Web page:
The word, ‘Dharma’ originates from the Sanskrit word ‘Dhri’ that stands for ‘to hold,’ ‘to preserve,’ and ‘to maintain.’ Basically, dharma is defined as duty, good works, religious merit, morality, and justice by Monier-Williams in a Sanskrit-English dictionary. All religions, whether it’s Hinduism, Buddhism, or Jainism provide a primary position to dharma in their religion.
Dharma in Hinduism
According to Hinduism, dharma is an ideology of this universe and a code of living that demonstrates the basic principles of traditions, laws, duties, virtues, rights, and conduct. In the ancient Hinduism or early Vedas, dharma was referred to the cosmicism (cosmic law), which introduced the ordered universe from chaos.
Later, it was implemented in several other contexts such as ways of living and human behaviors that prevent nature, society, and families from descending into chaos. This comprised the concepts of customs, rights, duties, and appropriate behavior.
Dharma as the Foundation of Life
In Hinduism, dharma influences the perspective of people towards viewing and living their lives. The very act of living is considered as an opportunity or an obligatory duty to accomplish the purpose of creation by participating in eternal religious duties (dharma) of God. Indian tradition specifies that dharma is the major goal of human life (Purusharthas). It is the base upon which an individual develops the discretion and wisdom to pursue happiness (Kama) and wealth (Artha) without sacrificing liberation (Moksha).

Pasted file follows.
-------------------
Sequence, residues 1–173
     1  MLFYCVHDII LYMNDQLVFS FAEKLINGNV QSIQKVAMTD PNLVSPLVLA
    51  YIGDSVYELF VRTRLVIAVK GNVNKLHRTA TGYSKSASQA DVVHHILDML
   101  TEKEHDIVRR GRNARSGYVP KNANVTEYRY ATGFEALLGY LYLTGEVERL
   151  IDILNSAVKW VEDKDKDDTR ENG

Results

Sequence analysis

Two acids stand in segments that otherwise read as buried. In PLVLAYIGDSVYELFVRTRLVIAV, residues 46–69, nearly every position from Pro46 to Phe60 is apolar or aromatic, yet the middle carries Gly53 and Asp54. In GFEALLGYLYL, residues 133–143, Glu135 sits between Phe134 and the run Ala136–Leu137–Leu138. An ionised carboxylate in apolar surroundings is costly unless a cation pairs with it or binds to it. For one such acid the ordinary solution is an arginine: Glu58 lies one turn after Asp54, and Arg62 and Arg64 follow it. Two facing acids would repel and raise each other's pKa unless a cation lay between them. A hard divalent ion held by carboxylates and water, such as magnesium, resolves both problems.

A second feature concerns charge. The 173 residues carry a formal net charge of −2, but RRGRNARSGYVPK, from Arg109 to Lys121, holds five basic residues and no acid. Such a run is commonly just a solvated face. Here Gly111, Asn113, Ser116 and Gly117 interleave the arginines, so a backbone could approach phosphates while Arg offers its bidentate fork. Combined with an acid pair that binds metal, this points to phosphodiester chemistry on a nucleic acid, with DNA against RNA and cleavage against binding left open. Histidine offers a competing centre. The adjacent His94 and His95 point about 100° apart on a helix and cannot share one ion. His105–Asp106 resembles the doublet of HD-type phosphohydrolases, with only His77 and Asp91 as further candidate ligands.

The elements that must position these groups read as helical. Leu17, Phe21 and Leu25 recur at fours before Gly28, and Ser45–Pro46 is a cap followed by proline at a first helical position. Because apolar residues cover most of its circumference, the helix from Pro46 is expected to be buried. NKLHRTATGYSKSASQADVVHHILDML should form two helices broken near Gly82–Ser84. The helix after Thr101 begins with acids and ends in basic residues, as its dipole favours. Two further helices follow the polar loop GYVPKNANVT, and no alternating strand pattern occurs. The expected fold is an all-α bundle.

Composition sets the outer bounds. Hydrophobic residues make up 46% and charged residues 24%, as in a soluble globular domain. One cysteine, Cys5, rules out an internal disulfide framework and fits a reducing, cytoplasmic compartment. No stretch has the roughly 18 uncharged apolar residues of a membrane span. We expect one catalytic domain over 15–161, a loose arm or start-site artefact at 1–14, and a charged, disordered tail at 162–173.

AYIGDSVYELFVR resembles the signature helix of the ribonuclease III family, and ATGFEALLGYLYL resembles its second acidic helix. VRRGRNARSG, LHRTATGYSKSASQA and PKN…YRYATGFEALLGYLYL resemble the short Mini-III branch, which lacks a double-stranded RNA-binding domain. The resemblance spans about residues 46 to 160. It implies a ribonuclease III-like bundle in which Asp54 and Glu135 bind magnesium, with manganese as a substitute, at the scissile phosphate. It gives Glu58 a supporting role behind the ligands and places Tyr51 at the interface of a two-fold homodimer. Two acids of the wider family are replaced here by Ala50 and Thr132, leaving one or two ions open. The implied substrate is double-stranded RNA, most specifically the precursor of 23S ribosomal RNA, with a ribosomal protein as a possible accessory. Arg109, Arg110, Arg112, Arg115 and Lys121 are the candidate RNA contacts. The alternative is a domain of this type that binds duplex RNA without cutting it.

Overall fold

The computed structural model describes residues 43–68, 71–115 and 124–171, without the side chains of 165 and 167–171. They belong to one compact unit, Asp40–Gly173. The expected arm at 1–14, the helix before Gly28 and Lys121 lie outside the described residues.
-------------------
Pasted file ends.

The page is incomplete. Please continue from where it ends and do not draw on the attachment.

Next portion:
Four Types of Dharma
- Varna Dharma (Social Dharma): Involves occupations, responsibilities, and duties that people fulfill in the nation, communities, and families.
- Rita Dharma (Universal, cosmic law): Controls everything from motions of galaxies to subatomic properties.
- Sva-dharma (Self-dharma): It represents the sum of all karmas of a person’s life, molded by his personality, tendencies, experiences, and desires. It means one’s path one follows.
- Ashrama Dharma (Human Law): It’s a natural expression and progression of human body, feelings, soul, and mind throughout varying life’s stages including righteousness, pleasure, wealth, and liberation.
In Indian culture, dharma has several meanings and connotations but at the most basic level, it defines the propensity and natural activities of an individual. Hence, every human being needs to practice dharma to qualify for further advancements and attain moksha (liberation) in life.
Summary: According to Hinduism, Dharma means religion, morality, virtue, duty, and power that upholds and sustain the universe and society. It is a basic principle that every person needs to practice to attain self-realization and liberation.